E - EAT for you. Let your family work around it. It is sooooooo much fun to be the circus-freak following surgery. "Can you eat THIS?," they ask. "Are you full yet?," they inquire. "What does it feel like?," they wonder. "What's for dinner?," they whine. Let's be blunt again. Your family and friends - for all the love they have for you - have not ever really, as a whole, been good for your diet. If you are the "provider" in your house (I do almost all of the grocery shopping and cooking in our home, for in stance) than you should just sit your family down NOW and tell them that they are on their own for food for a while. They can drink a protein shake or eat a pureed chicken breast or they can just mind their business and take over cooking duties until you are ready to be around food again. I remember in one of my support group meetings last spring there was a woman who had lap-band surgery and she was eating some CRAP because her family liked it and she needed to still cook for them and their tastes . . . what the hell sort of logic is THAT? Make them come to YOU or make them make their own dinner. NOW - in our house - I will make variations on the same dish for Joy and I. Last night, for instance, Joy had a chicken sandwich with two slices of cheese, some lettuce and some sauce on a wheat bun. I had chicken with one slice of cheese and mustard on a wrap. We had very different plates with the same basic meal. For now though . . . take care of you. They won't starve to death while you try to establish good eating habits for the rest of your life.

F - FORGET about "just a taste." Don't rush yourself through the stages of eating. Only your medical pros can tell you if you are ready for the next step and for the next food challenges. More over, don't think that if you just have a "bite" of something that you know you should not have that you aren't playing with fire. We go to Red Robin every now and again with the Terry family. We go to Sonic for lunch when we're running errands. Ava loves gummy worms. I'm not even sampling the goods because, frankly, I don't like to screw around with food anymore. I waited to advance the stages (I still remember that first BITE of food after my surgery) and I am glad I did. 53 weeks later - I try to avoid any and all temptation and or indulgence. It's not worth it. Sugar free pudding with reduced sugar Cool Whip is my vice now. 85 calories. As close to the fire as I'm willing to get.

G - GIVE yourself a chance. It is HARD to go back to eating. It sucks, frankly. Nothing really tastes good. Your pouch feels tight with every bite. You feel like you are under these very tight controls on what you can eat and what you HAVE to eat. You feel like everyone is watching you. Just relax. Take it one day and one bite at a time. I would take FIVE or SIX different things to eat with me to work every day my first month or so back from surgery. Some hummus. Some cheese. Some turkey. Some reduced fat Triscuits. Some yogurt. Some milke. I would pick at the stuff throughout the day (mindful of calories and protein) and I wouldn't ever think twice about taking a morning with no food or nibbling for an hour straight in the afternoon.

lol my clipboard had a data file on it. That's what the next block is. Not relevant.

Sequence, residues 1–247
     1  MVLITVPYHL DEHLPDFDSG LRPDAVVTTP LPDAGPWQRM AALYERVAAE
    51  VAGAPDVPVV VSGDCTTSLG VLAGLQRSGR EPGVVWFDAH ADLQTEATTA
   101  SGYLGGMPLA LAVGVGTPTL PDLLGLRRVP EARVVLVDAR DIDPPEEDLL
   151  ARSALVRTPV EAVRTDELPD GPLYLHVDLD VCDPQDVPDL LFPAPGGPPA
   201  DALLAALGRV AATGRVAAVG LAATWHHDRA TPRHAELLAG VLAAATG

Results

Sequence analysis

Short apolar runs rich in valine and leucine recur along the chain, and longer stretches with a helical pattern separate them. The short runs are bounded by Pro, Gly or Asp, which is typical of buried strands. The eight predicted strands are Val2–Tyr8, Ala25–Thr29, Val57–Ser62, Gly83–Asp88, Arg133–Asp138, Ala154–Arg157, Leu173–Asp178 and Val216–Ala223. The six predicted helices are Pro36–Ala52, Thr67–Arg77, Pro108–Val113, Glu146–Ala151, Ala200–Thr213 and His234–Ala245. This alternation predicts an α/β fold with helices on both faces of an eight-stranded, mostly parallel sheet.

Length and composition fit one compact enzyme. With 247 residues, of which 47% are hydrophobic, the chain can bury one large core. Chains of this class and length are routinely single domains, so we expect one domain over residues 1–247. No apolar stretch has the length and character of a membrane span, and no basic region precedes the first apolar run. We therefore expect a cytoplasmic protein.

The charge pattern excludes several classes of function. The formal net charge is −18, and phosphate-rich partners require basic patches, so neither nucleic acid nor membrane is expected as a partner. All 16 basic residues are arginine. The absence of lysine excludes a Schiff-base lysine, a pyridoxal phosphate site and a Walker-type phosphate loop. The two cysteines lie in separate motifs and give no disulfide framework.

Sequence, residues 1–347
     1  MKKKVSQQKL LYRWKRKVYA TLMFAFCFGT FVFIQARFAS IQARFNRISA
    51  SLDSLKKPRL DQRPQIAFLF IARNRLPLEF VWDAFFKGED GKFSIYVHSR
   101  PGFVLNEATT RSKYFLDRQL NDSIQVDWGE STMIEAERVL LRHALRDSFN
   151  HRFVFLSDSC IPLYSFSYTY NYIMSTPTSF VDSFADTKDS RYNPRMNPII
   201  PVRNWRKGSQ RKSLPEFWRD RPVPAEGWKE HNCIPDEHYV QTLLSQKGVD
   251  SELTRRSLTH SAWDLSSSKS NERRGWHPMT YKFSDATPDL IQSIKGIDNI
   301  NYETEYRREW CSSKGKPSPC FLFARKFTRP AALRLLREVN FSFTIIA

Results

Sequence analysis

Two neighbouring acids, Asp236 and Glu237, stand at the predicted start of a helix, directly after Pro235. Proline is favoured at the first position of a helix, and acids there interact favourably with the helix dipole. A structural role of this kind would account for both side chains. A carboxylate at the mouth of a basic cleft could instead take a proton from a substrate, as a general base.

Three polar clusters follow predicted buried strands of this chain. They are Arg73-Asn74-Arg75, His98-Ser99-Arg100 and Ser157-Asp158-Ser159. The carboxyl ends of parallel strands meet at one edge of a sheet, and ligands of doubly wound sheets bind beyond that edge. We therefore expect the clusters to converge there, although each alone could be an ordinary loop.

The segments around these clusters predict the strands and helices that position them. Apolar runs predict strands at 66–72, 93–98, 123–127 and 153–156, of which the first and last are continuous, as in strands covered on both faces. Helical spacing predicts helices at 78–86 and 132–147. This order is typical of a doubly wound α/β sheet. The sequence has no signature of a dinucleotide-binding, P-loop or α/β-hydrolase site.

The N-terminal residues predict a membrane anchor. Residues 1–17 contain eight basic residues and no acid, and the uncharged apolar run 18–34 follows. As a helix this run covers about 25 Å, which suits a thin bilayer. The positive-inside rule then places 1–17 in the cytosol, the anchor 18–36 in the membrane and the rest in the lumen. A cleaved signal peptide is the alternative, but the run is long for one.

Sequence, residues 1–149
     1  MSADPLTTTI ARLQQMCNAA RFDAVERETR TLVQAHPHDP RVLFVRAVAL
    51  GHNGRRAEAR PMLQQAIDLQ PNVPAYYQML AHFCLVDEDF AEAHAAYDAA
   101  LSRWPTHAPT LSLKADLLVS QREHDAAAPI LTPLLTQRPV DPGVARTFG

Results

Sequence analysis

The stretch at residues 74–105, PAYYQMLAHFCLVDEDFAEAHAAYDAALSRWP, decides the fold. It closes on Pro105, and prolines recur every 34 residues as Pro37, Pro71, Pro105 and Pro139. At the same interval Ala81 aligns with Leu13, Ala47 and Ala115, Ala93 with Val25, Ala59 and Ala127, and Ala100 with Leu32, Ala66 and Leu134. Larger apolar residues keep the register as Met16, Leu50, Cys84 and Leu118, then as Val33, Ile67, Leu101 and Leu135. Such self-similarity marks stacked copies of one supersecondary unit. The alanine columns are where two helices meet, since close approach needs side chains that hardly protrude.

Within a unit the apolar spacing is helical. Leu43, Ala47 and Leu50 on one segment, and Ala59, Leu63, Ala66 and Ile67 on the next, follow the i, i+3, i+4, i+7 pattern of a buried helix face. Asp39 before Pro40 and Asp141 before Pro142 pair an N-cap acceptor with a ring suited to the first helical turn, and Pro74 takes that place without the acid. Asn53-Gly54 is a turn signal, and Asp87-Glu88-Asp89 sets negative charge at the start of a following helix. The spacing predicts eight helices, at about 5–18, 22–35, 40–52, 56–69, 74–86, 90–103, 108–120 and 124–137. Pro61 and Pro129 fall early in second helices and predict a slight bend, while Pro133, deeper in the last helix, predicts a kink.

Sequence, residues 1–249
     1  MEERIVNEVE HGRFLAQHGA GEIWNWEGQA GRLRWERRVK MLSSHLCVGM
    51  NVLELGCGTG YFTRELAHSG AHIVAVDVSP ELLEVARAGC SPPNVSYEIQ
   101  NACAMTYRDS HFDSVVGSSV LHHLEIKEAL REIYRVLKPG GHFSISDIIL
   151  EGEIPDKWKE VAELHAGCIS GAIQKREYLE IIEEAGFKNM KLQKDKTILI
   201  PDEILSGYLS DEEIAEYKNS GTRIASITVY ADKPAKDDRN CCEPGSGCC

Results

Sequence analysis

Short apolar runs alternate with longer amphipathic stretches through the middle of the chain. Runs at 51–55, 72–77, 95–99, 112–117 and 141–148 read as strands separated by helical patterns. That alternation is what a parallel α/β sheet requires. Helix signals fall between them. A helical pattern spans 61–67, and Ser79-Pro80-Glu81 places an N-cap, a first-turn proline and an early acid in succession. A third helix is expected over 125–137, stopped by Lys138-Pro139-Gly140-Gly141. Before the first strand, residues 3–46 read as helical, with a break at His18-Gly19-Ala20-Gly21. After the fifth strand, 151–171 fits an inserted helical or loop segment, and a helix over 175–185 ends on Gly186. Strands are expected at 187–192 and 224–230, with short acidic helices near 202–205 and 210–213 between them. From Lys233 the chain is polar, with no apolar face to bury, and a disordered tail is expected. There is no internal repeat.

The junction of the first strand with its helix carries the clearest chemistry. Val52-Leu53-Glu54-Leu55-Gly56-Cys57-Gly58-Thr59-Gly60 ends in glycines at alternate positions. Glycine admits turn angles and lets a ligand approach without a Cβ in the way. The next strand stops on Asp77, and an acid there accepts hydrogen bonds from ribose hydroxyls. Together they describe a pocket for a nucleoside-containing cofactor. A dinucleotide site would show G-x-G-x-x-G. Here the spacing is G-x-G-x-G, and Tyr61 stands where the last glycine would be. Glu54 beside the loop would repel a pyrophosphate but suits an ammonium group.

H - HAVE fun. I never used to like red meat. Ground beef. That was it. I eat steak now. I LOVE steak. I eat Lamb (fatty little bastard meat that it is). I eat pork now. I ate Sushi . . . twice. It is a whole new chance for me to reconnect with food. I always used to like to cook . . . now I LOVE it. I made a six-course dinner for Joy, Ava, my parents and Joy's parents on Christmas day. I could eat next to none of it. It felt WONDERFUL to see them ohing and ahing over the courses and the tastes and to know that I did that for them while taking care of me. It was FUN to cook and FUN to sit at the table with smaller, altered versions of what they were eating. FUN. FUN. FUN. FUN!

Anywho, that is enough of this for now. I have NO idea what I would use for the letter I so I'll bail out. Tomorrow I'll share some of the foods that I really did enjoy after surgery and some tricks I learned on how to prepare stuff and have it be delicious and "unique" while it was still the same old stuff on a different day.

Hope I've helped a little with my ABCs and I hope the advice is helpful to those, like Jen and Jess, who are just starting out!

2 comments:

♥ Trisha ♥ said...

I've read your blog for sometime... it's very inspiring.

I'm on my 3rd year post surgery, I remember coming off the liquid phase and going to the puree phase and thinking... pureed cheeseburger? You gotta be kidding me! But the recipe that I had was healthy and delicious.

For me, you inspire me to 'hop back on what I'm supposed to be doing' For that. Thank you.

Sean C. Amore said...

Hey, Trisha. THANKS for reading and for taking the time to comment. I'm not going to lie . . . I'm a weeee curious about this blended cheeseburger recipe you have. Would you share it with me? Also, I would be curious if you wanted to write something about your three years of experience for me to share with the world. Let me know . . . seancamore@hotmail.com. CONGRATS on three years and for getting back on the "what I'm supposed to be doing" wagon. Glad I could help (smile).